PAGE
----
Another customer accidentally overfilled their fuel cell with air during a fuel system pressure-leak check on an MD900. The overfilled fuel cell broke the fuselage of the helicopter. We dispatched an FSE along with one of MDHI’s engineers to evaluate the damage, and write the Designated Engineering Representative (DER) approved repair for the customer. This gave them the approval needed for the structural repair.
HMM- Can you share any dos and don’ts with our readers regarding what to do or not to do before contacting FSE?
Chris - Do read the ICA. Don’t ever hesitate to ask for help.
HMM- What do you recommend an operator do before they call you?
Chris - The customer should have a detailed description of the problem, and the troubleshooting they have done.
HMM- In today’s digital world, do you receive many emails with photos to show you the problem the operator is having?
Chris- We ask for and receive many pictures. In many instances, it would be more difficult to understand the problem without them. Like the saying goes, “One picture is worth a thousand words.”
HMM - What kind of presence do you have on the internet?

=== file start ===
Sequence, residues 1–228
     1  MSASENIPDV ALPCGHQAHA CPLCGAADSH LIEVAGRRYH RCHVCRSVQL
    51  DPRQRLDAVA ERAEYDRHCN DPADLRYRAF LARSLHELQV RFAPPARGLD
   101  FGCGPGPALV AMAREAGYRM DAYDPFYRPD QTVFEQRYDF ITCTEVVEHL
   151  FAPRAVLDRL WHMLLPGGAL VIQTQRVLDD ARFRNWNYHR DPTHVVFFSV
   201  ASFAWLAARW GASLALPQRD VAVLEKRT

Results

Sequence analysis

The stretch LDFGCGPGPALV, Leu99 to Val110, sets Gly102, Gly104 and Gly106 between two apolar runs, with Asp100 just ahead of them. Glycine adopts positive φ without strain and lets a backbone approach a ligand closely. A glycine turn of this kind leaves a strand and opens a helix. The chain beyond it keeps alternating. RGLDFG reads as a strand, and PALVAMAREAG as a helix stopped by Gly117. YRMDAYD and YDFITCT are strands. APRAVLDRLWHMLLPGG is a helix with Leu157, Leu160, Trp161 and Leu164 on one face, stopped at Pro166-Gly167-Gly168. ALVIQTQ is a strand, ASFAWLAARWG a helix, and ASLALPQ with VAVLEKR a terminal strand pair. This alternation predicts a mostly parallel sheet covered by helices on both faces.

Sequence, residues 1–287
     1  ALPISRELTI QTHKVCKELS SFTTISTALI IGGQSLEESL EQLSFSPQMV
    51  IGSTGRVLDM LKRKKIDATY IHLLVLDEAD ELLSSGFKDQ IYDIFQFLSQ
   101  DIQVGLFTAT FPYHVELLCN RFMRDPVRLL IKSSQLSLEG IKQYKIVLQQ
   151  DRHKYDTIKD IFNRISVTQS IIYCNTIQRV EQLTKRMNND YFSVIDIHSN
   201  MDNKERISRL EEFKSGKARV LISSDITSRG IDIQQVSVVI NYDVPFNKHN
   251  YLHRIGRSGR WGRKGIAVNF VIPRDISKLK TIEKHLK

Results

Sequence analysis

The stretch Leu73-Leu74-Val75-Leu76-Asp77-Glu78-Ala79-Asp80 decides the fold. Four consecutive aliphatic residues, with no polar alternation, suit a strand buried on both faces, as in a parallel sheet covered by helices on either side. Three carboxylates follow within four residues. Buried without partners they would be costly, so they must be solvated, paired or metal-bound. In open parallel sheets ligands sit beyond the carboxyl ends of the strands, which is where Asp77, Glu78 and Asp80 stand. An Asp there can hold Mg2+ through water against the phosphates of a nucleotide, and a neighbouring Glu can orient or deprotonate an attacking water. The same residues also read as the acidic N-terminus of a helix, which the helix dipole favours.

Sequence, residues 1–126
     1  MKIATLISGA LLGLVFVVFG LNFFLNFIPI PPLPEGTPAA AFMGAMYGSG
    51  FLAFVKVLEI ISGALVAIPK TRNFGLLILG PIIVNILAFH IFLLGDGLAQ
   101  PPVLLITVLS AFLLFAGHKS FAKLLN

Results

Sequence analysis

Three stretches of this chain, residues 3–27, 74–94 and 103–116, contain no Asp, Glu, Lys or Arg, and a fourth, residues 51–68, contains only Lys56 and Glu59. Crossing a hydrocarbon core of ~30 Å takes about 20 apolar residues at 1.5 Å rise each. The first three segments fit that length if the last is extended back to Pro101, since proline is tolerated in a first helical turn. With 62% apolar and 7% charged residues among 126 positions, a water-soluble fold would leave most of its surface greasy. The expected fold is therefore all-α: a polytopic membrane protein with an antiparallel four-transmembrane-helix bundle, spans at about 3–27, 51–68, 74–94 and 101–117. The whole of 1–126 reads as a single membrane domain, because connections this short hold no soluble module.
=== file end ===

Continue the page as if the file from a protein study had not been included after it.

Chris- MDHI has a great website with information on our helicopter support, etc. We are currently in the process of updating the website. The URL is: www.mdhelicopters.com.
HMM- What is the hierarchy for the customer to reach you starting at their location?
Chris– If a customer needs us we can be reached on our 800 phone line or by email at any time; 24 hours a day/7 days a week. All of the contact info for the Field Service Engineers can be found on our website by clicking on the Support tab.
HMM - What suggestions would you offer an operator that would help them take better care of their aircraft?
Chris - Optimizing helicopter performance isn’t really any different than optimizing the performance of your car. Cleanliness and preventative maintenance are the keys to long term successful operation. Performing the required airworthiness inspections and fixing problems that are found as they happen is also very important. The more squawks that are left unfixed, the more safety and value are compromised.
In closing, we have learned quite a bit about MDHI and their version of Field Service Engineering. Whether you are flying MD helicopters in the Valley of the Sun, or anywhere else around the globe, their team of specialists is always available for you.